PIDE held a conference, ‘Evaluations of Regulatory Authorities, Government Packages and Policies’, on December 28, 2021 in the Planning Commission of Pakistan. The discussant for the conference papers was Dr. Tariq Husain who is a Senior Evaluation Specialist and has worked in the field of development for 40 years, contributing to grassroots initiatives, governance, poverty reduction and development effectiveness. He has expertise in designing programmes, evaluating results, and facilitating improvements in performance and results. Through this conference, Dr. Nadeem Ul Haque (VC PIDE), launched PIDE Evaluation Research Cell that will produce rigorous research based on evaluative frameworks, of different governmental and international organizations and institutions. At conference, research papers based on evaluations of regulatory authorities, government packages and policies, were presented, such as Competition Commission of Pakistan, Drug Regulatory Authority of Pakistan, Naya Pakistan Housing, National Electric Power Regulatory Authority, Prime Minister’s Construction Package, Pakistan Electronic Media Regulatory Authority, and SME Sector of Pakistan. The paper on Competition Commission of Pakistan, emphasized upon ensuring the enforcement of the law in sectors of the economy to make the free-market competition that will help boost the economic growth and stability of the country. The paper also proposed that the commission team must also include specialists in economics, finance, commerce, law, accountancy, and public administration, rather than only bureaucrats. The focus should be on minimum Government interference, as the rules and regulations refrain people from investing in businesses. The paper on DRAP, proposed that more access to information and increase in the rate of testing drugs, aimed at enhancing quality and consumer protection, is needed. But vexing challenges like persistent shortages of medicines and drug quality still persist. OOP increased over time, and critical drugs suffering from shortage are often found in the black market at exorbitant prices.
The evaluation of Naya Pakistan Housing explained that in terms of housing finance, the situation in Pakistan is much worse, with Pakistan standing lower in terms of Mortgage to GDP Ratio compared to the regional and global situation. Although the State Bank has taken other necessary steps to encourage banks to expand their house financing to support the government’s housing and construction industry, banks remain reluctant. The housing program will not start in a big way until we have a mortgage industry. That will always be a dream if the government does not tighten refunds to protect banks from potential losses.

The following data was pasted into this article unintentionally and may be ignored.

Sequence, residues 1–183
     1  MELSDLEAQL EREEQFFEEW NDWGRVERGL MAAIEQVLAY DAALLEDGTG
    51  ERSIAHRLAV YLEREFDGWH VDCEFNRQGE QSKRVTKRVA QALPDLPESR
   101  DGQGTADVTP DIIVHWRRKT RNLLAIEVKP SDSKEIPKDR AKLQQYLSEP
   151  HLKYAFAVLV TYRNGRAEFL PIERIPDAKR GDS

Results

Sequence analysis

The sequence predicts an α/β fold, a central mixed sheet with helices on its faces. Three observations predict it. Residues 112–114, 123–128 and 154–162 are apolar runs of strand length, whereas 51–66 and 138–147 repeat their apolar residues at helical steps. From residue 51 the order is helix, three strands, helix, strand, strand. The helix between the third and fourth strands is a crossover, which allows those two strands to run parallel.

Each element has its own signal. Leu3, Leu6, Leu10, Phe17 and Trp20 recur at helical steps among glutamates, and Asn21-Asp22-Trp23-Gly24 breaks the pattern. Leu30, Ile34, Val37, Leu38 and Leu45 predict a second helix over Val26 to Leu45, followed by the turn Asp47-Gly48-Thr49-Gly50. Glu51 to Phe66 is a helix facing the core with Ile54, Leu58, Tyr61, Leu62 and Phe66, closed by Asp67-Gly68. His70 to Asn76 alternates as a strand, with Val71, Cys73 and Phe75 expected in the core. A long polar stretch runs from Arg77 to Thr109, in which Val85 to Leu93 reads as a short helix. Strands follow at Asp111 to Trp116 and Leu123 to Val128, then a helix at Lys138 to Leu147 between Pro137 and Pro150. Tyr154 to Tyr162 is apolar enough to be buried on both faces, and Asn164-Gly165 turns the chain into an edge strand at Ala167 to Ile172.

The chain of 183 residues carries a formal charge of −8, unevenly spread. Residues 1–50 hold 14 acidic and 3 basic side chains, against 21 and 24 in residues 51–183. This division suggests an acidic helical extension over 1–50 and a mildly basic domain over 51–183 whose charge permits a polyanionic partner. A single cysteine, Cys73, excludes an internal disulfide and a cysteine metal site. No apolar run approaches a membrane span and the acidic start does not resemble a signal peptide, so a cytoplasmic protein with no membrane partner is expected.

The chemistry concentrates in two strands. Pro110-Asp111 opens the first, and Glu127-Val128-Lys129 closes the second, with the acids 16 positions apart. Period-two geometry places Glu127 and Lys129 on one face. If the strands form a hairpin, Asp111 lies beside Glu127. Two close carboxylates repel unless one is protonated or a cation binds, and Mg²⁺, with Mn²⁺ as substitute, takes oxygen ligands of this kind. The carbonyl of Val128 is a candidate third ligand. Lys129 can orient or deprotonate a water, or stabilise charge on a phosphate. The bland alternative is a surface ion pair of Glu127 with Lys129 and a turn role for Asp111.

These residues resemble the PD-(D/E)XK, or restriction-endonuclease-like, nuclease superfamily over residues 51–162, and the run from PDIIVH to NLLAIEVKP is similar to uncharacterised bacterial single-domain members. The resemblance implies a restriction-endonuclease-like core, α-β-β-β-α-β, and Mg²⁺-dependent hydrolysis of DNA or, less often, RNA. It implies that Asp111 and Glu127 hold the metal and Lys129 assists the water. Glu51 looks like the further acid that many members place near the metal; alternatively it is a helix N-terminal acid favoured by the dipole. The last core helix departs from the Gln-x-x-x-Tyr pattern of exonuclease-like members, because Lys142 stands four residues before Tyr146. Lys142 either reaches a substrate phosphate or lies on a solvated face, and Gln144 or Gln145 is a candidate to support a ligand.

The evaluation of NEPRA pressed upon that the human resource department should be closely associated with other departments dealing with primary regulatory functions for understanding these functions and the expertise required to carry out those functions. The paper also suggested decentralization of decision-making powers for effective and speedy decisions in routine matters. NEPRA needs to improve its institutional capacity to supervise the electricity business; acclimatize itself with newer challenges being emerged as a result of a constantly evolving technological framework of the sector, including smart grid development, distributed generation, grid integration as well as the development of new innovative models of financing. An evaluation of Prime Minister’s Construction Package explained that most markets in Pakistan and archaic construction regulations have seldom been reviewed; and PIDE has long resounded that we need to re-imagine our markets. PIDE has also argued—and Planning Commission in 2011 conceded this argument in Framework of Economic Growth—that the path to high sustainable growth has to include a period of high-rise buildings in Pakistani cities. And these buildings have to be complex construction within cities, and not sprawl.
Speaking further of regulatory authorities, it was explained that PEMRA as an authority needs to be made independent from political and economic control of the government. The laws need to be more inclusive and the structure and design need to be changed. PEMRA should be given liberty in the drafting of rules peculiar to the media industry. PEMRA’s design should be altered to make it such that media industry can be put to check yet creativity, art and freedoms are protected.
A paper on SMEs recommended Mass Awareness Campaign among SMEs, Strengthening the Role of SME Bank, Strengthening Inter-Organizational Coordination, Introduction of Global Value Chains and International Production Networks for SMEs, Alignment of SME Policy with CPEC Long-Term Plan (2017-30) and One Window Facilitation for SMEs.
Representative of CCP, PEMRA, NEPRA and CDA attended the conference and shared their valuable feedback. The conference concluded on more future research and subsequent discussion through conducting conferences on evaluations.